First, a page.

Monday, 7 June 2010

Small boy in a small world

The picture above is of me, beginning to cut a 13 foot high block of compressed snow, in the heart of Quebec City, close to where General Wolfe (a Bath resident) lost his life fighting the Frenchies. It was about -25 C. at the time, but at night and in the wind, temperatures could drop to a lethal -40, and we were warned that to go out alone at night, slip over and break a leg, then wait for assistance which would never come, meant that you had about 5 minutes to live.

More about that later, because this post is about a wonderful woman called Lusca (sorry about the bad spelling - it's pronounced 'Lootshka') and a series of very strange coincidences which make me realise how small the world really is.

I first met Lusca in her home country of Slovenia, which - at that time - was part of the wider Yugoslavia. She was our guide and fixer for a series of theatrical performances in Ljubljana, and had somehow managed to gather together our fee of about $3000 U.S. in cash, which she handed to us in an old shoe box as soon as we arrived. How she did this was incredible, and must have involved some dealings with the underworld at the time. They were all very poor, but very proud and extremely resourceful.

Lusca introduced us to her son, who had red hair and was around 7 years old at the time. She told us this amazing story:

When her boy was about 4 years old, they were traveling at night on a train from one town to another, passing through the very rocky, hostile landscape which makes up a lot of the flatter parts of Slovenia. The train was moving at high speed, and Lusca did not notice the boy fiddling with the door handle. Without warning, the door - which opened to the front - flashed open, and her son was sucked out and thrown into the rocks below. Lusca screamed and pulled the emergency cord. Because the train was traveling at about 90 miles per hour, it took about 3 miles to stop. The guard told her that the best thing to do was to carry on to the next station, then send a party out to look for him.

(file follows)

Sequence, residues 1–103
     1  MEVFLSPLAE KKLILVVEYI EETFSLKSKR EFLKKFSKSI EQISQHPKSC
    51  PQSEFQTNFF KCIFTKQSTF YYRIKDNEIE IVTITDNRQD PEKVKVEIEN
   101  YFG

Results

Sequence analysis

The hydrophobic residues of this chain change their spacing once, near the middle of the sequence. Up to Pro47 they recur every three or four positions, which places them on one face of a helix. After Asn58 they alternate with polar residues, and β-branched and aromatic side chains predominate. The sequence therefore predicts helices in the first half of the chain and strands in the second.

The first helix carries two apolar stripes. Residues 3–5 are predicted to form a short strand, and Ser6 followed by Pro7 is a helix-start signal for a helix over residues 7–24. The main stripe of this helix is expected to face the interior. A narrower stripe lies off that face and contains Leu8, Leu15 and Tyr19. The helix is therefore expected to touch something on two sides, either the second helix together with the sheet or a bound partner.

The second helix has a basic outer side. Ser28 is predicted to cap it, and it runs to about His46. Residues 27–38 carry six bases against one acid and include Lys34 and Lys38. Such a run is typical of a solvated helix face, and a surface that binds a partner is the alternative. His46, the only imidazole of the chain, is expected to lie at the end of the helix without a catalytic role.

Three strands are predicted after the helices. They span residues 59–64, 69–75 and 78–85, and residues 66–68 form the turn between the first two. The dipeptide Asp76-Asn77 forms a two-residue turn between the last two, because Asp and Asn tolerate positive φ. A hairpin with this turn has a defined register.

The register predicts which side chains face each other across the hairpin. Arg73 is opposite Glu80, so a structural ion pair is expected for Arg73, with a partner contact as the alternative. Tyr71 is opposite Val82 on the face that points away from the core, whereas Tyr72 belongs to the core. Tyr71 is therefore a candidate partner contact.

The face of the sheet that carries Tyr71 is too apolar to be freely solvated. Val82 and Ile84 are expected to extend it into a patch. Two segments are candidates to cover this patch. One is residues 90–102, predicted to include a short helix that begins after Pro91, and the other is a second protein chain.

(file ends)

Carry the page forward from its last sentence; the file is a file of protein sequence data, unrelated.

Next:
When they arrived, a group of sombre officials told her that to search for the boy in the dark was futile, and that he was sure to be dead, so they would begin looking for him in the morning. By this time, Lusca was almost hysterical, and began walking back up the track in the dark, ignoring orders for her to stop. She walked alone for miles in the rocky landscape, back up the tracks.

After several hours, she noticed a small figure standing by the tracks in the darkness, and as she ran toward him, she saw that it was her son - alive and well and completely unscathed. When she embraced him, he said in an angry voice,

"Mummy - where were you? I've been waiting for ages!"

She asked him what happened, and he said, "Oh nothing. I just flew like a bird".

I next met Lusca in the Swiss Alps, where she was living with her boyfriend, but when I went over to Quebec a few years later to 'represent' Britain in the annual snow carving festival, I noticed a familiar face at the reception. It was Lusca.


  1. Tom, How always stop when I am ready to hear more....

    So you were carving snow at Carnavale Du Quebec eh?

  2. Yes Raz - Bon Homme is a good mate of mine... (I'll tell you about that later)

  3. That's very impressive - is there a photo of the completed sculpture? How long did it last?

  4. I'll do a post on it next, Mise. I was a week in Quebec, then a week in Grand Bend, Ontario. The trouble is, one of the two people I took with me rammed me in the ankle with a luggage trolley as soon as we got off the plane, and broke it. It was so swollen and painful that I couldn't climb a ladder and I had to rely on them. Both of them were completely useless - UTTERLY useless - and I wasn't allowed to change the design. Full story will follow, if I can get over the depression about it.

  5. sometimes when we jump, or are pushed or pulled, we fall into the arms of angels! Those weren't bird wings that made him fly!!

  6. hi tom, its totally for the love of it, just went to see in yesterday and great cinematography, style and story.
    must check out the misfits as never seen it.
    all the best

  7. Oh, that's good to hear, Lady Noire. The Misfits is a bit depressing, and Gable, Clift and Monroe were all dead within months of finishing it.

  8. Tom - the story about Lusca was amazing. That little lad would have been dead without her. What a buzz to meet up with her again. I didn't know you did snow carving. I don't know a lot of things!

  9. I don't know much myself, Molly, I just pretend to. I only did snow carving once - never again (unless I am paid for it). Yes, Lusca's story still brings tears to my eyes, even now.